• Think about the audience the environment creates: These were techie people, not arty types. And they were totally puzzled about what I was offering up, they couldn't make sense of what I had. They didn't understand that my nesting bowls are separate bowls and not one sculpture; they couldn't see that my poppy plates are functional for serving food; and they really couldn't figure out what the fuck a cupcake stand was for, (though I do display it with a cupcake.) And they weren't interested in figuring it out, they just "clicked" on to the next vendor. I thought I was doing what I was supposed to do by offering lots of choices, but I just confused people. They were less confused by the chocolate, the artisan olive oil, the knitted scarves, and the baby onesies, and they went and bought that stuff, leaving me in the dust.

  • Then, spoon-feed: Do not make your audience think, that only gives them a chance to think of reasons why they don't need to buy what you have. This does not mean your product shouldn't be intelligent or you can only sell to stupid people. It means your customer needs to understand within about 2 seconds that they want what you have, and the transaction between wanting and having should be as easy and painless as possible. For example, price should always be front and center; people hate asking. The function of the item should be obvious, and if not obvious, demonstrated. Display should be orderly with like items together, people shouldn't have to hunt for that thing you're selling in a different color. I was asking my potential customers to engage with me, to really go through the work I had to offer and find something that they wanted, and that was asking way too much.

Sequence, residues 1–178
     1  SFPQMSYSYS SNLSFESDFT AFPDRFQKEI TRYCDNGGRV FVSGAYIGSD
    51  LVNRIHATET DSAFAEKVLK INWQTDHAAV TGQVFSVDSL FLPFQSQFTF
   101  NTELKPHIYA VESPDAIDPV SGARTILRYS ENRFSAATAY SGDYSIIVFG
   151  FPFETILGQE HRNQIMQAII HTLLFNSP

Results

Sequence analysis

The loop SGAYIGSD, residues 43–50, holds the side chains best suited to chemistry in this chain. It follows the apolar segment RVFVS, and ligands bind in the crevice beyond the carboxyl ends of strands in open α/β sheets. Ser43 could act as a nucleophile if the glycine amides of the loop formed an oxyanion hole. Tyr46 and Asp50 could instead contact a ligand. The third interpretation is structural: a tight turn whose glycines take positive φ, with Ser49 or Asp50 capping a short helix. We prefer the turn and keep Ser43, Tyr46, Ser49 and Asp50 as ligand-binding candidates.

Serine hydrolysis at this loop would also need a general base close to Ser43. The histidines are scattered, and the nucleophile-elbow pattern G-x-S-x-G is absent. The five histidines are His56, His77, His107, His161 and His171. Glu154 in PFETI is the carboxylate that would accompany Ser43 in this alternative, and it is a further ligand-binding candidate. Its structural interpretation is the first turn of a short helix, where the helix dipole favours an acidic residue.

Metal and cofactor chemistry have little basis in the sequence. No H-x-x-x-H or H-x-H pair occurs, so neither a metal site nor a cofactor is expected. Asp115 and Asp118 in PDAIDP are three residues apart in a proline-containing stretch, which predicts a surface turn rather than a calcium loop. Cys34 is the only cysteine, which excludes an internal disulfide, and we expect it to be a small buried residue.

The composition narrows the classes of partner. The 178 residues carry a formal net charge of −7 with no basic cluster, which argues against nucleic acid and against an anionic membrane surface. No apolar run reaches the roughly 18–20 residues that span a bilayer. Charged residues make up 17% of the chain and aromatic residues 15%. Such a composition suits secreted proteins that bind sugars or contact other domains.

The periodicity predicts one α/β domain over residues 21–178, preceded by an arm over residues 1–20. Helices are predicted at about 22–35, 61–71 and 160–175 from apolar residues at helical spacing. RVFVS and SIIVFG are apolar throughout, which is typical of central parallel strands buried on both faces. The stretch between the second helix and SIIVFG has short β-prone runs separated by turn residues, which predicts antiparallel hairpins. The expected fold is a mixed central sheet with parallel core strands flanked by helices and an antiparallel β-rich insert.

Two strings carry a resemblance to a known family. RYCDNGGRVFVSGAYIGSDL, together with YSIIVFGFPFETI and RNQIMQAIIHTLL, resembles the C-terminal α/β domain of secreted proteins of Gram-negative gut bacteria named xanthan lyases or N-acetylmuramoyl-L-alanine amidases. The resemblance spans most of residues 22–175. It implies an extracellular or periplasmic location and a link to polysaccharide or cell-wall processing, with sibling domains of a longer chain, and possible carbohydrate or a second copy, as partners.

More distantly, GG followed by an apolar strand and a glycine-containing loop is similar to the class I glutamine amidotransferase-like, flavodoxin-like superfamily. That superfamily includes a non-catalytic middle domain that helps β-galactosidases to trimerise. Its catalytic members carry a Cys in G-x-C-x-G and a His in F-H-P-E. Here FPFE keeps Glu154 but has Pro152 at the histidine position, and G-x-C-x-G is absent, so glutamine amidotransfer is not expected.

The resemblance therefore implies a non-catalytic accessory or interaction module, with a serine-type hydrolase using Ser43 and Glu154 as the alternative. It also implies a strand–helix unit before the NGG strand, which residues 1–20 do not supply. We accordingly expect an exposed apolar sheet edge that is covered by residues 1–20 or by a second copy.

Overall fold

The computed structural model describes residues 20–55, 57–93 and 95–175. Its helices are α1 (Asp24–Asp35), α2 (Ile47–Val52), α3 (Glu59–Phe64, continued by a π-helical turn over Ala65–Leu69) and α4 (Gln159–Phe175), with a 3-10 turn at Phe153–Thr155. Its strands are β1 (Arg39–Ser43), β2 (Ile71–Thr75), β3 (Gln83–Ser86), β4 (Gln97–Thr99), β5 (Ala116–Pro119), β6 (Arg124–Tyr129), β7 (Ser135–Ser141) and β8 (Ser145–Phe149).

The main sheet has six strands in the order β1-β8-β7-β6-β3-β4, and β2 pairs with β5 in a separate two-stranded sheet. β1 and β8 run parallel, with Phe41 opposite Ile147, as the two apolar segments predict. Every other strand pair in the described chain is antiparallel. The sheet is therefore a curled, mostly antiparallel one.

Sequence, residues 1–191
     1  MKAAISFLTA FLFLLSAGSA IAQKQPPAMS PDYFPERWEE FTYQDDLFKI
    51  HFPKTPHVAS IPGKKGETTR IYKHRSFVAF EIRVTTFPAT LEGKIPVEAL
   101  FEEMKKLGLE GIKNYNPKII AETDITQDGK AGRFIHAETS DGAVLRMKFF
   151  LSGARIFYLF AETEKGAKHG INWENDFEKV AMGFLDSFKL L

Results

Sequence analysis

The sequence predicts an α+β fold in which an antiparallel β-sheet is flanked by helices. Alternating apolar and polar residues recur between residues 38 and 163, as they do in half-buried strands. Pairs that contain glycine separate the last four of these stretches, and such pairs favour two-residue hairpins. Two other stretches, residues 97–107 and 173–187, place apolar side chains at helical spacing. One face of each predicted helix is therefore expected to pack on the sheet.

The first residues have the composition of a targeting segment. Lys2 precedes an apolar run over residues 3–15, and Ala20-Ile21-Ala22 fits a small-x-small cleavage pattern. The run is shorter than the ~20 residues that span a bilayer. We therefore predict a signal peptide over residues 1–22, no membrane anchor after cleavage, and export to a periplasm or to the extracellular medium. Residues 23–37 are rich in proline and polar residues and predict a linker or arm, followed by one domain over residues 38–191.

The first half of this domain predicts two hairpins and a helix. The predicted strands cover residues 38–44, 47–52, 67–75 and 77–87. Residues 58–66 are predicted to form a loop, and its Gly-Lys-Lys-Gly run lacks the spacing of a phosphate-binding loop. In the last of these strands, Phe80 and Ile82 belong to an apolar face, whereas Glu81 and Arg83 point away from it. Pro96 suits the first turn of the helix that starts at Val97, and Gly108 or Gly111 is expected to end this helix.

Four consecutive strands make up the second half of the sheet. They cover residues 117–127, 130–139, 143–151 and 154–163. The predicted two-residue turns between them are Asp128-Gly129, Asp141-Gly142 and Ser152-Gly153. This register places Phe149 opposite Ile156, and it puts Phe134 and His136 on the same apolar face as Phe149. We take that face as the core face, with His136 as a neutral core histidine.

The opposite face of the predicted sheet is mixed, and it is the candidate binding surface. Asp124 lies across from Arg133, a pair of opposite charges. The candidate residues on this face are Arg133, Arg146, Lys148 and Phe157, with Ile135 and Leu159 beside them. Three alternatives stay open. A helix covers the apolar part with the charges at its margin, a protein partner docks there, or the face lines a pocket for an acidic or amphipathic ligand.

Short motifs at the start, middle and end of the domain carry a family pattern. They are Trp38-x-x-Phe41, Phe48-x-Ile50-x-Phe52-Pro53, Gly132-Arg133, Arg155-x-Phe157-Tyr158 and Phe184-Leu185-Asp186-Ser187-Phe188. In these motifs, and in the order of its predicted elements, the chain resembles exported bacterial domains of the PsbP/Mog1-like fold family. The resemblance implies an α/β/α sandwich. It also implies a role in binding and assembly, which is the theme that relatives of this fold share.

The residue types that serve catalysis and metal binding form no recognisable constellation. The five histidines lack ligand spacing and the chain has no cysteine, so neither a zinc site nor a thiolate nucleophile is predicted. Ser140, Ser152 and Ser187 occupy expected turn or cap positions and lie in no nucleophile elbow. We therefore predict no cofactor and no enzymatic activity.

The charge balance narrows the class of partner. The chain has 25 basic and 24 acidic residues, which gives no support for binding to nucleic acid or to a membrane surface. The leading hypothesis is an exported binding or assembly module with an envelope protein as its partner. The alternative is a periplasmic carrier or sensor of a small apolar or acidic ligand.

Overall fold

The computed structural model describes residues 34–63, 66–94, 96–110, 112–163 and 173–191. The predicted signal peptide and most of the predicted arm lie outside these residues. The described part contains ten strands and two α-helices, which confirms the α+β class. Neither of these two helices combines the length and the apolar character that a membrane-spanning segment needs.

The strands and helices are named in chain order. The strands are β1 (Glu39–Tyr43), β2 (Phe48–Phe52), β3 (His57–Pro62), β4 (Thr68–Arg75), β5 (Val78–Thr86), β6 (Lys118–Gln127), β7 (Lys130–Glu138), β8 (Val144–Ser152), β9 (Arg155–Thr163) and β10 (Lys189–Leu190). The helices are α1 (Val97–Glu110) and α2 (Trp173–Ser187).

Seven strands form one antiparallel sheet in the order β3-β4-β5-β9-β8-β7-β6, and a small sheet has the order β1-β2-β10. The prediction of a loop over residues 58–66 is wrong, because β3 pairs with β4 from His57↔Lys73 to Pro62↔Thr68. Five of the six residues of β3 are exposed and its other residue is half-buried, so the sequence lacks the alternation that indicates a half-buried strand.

My own diagnosis: I was waiting for these people to come to me, when the only way to succeed with this crowd was to go to them, and hand over something that they could immediately hand over to someone else as a gift. I needed a very simple offering that was an immediately recognizable object, like a bowl or a vase. I needed a lot of these one or two items in a few different colors so these poor, overworked, distracted people wouldn't have to process a lot of visual information. And I needed a big sign that had the price, which should be around $38 for the kids who are still paying off student loans, and then $75 for the people who wanted to splash out a bit more. Then, I should have been giving away something, like M & M's or mini donuts, these people need sugar. And, an example of how this item would be packaged: a box, some tissue, a bow, a cute bag. I could have done gangbusters if I knew what I was getting into!


  1. I wrote a piece on my blog the other day about a recent "juried" show I did where the 7th grade child beside me with her glue gun and her felt patterns made head bands to order and left me in the dust. She made twice the money I did after I busted my ass for months making pottery for this show. People passed right by me and went zooming to her to get their custom made felt flower head band.
    Mediocrity is taking over, grrr....